Eau Claire, Wisconsin based Amanda Mouttaki was raised through the long, cold winters of the American Midwest, while her husband grew up in hot Southern Morocco. So while big pots of soup boiling on Grandma’s stove or heavy pasta dishes bring comfort to her, he prefers crisp, refreshing salads and anything not very hot.
“After I came to Islam, I adapted my comfort foods to my new halal lifestyle,” said Mouttaki who also has a popular blog, www.MarocMama.com “I found common threads between both cultures and now chicken tagine is our family’s winter comfort food.”
Tagine is named after the special earthenware pot in which it is cooked and is common in North Africa. Amanda has perfected the art of using warm Moroccan spices like cumin, paprika and cinnamon with harder fall and winter vegetables like potatoes and carrots that come together in a light sauce.
“It’s funny how my kids love the Tagine,” Mouttaki said. “My eight year old son wanted me to make it for his birthday!”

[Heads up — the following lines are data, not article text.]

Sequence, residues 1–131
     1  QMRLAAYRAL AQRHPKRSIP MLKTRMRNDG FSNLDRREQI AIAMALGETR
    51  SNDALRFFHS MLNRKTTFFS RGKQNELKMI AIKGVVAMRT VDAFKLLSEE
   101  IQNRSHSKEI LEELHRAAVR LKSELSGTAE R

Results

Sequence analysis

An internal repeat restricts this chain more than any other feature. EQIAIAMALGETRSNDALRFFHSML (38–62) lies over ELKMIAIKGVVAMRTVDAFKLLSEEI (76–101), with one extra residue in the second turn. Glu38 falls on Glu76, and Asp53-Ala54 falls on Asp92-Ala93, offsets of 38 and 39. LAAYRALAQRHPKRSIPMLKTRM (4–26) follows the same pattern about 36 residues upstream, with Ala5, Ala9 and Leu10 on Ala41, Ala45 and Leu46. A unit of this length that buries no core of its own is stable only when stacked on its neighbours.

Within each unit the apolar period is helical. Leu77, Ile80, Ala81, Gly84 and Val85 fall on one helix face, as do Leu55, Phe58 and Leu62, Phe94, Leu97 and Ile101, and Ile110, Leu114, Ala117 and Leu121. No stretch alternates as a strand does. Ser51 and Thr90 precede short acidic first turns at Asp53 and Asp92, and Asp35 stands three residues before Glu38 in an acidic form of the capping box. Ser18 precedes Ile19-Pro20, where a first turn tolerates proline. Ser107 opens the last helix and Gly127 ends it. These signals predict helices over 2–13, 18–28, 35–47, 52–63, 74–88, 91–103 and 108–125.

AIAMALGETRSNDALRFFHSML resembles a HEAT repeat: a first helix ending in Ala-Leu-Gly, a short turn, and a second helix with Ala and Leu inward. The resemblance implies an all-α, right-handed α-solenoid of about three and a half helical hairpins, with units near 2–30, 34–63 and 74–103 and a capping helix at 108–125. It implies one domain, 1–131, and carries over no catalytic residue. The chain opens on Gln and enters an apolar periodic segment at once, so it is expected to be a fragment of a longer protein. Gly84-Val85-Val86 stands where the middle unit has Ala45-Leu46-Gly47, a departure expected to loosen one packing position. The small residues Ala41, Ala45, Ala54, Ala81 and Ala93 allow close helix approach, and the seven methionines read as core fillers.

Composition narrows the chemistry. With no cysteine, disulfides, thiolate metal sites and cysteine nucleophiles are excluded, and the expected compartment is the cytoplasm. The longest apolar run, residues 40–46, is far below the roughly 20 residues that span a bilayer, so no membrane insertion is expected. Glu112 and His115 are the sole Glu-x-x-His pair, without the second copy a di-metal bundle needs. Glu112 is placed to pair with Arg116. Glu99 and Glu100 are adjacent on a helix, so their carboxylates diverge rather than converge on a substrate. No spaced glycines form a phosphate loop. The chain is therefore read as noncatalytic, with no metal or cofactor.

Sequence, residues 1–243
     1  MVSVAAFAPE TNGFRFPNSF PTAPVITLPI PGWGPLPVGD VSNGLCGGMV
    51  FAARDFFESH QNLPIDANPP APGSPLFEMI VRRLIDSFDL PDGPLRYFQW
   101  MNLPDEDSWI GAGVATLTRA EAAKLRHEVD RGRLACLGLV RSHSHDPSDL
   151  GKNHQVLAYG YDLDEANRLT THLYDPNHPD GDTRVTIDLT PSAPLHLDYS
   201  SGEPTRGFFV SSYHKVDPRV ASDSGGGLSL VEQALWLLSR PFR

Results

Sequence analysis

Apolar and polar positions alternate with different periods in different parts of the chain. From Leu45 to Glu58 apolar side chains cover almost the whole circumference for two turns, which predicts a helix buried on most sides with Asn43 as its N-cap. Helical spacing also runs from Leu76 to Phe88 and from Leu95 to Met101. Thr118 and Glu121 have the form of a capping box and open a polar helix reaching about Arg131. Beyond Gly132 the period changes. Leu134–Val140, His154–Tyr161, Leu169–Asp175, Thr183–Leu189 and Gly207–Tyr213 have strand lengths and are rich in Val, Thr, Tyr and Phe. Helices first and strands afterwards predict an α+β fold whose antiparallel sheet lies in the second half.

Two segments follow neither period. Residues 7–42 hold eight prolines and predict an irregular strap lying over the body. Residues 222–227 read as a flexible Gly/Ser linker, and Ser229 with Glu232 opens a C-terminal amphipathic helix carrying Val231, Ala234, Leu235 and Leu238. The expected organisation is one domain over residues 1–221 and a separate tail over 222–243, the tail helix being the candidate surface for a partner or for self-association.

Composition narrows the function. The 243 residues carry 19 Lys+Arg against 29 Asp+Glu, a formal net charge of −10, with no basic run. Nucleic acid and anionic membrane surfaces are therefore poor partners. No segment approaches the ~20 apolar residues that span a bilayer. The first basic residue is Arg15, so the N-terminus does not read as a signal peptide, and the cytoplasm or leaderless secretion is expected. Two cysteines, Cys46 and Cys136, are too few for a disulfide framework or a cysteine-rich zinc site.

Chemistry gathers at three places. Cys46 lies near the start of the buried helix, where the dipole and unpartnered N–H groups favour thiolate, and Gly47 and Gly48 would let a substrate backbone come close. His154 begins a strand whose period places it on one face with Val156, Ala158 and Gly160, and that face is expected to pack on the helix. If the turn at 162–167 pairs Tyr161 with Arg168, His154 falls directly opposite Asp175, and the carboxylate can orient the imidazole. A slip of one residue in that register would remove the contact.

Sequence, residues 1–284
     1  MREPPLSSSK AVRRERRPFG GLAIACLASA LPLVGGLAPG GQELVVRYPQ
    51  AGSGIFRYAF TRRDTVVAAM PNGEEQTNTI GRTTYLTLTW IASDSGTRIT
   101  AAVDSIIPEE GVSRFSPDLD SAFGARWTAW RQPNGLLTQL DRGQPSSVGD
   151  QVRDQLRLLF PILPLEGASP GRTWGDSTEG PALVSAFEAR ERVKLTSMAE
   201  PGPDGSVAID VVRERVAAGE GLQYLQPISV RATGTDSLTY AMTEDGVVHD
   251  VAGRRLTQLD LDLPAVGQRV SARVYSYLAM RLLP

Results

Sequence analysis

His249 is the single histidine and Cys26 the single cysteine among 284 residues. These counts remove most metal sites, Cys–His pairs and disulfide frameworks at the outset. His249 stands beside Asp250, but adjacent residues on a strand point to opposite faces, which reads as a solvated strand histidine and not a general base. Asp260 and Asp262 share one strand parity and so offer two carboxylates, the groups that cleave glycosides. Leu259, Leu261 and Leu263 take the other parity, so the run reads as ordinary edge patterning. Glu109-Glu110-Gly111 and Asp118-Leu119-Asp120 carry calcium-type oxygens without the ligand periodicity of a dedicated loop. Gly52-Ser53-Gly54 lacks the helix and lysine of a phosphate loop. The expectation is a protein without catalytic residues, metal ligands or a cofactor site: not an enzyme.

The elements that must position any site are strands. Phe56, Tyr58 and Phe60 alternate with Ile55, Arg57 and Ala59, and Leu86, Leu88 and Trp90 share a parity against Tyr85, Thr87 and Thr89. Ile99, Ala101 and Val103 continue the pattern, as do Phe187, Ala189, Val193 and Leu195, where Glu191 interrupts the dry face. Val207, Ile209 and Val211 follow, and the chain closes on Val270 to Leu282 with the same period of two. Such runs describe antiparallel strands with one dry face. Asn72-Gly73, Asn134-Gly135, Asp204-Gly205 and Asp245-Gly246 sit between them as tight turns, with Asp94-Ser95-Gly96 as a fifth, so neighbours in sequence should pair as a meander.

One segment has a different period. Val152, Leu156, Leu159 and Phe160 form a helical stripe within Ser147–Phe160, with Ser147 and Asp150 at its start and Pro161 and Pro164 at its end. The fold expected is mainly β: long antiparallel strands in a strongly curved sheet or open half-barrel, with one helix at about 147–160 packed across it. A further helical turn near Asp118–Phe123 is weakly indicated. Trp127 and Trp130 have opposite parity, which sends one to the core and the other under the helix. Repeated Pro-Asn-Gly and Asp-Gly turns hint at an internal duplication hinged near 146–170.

“I don’t think comfort food is microwavable at all,” said Haya Radwan of Washington D.C. “Comfort food isn’t just about the food itself, but about the vibe that comes with it. So if it came from your mom or someone special or if it reminds you of your childhood, then it is comfort food. There is nothing comforting about a microwave. It needs to be cooked with love.”
Personally, Radwan’s winter comfort food is shish barak, an Arab dish comprising warm yogurt soup with dumplings of tiny stuffed meat pies. “My mom always made it for the family in the winter,” Radwan said. “It tastes amazing when it’s nice and warm. Most importantly, it was made with her love, and she always called us to come eat it with her soft, loving voice.” For her sister, Alia Radwan, shish barak doesn’t quite cut it. Alia’s comfort food? The all American soft, warm chocolate chip cookie with melted chocolate inside.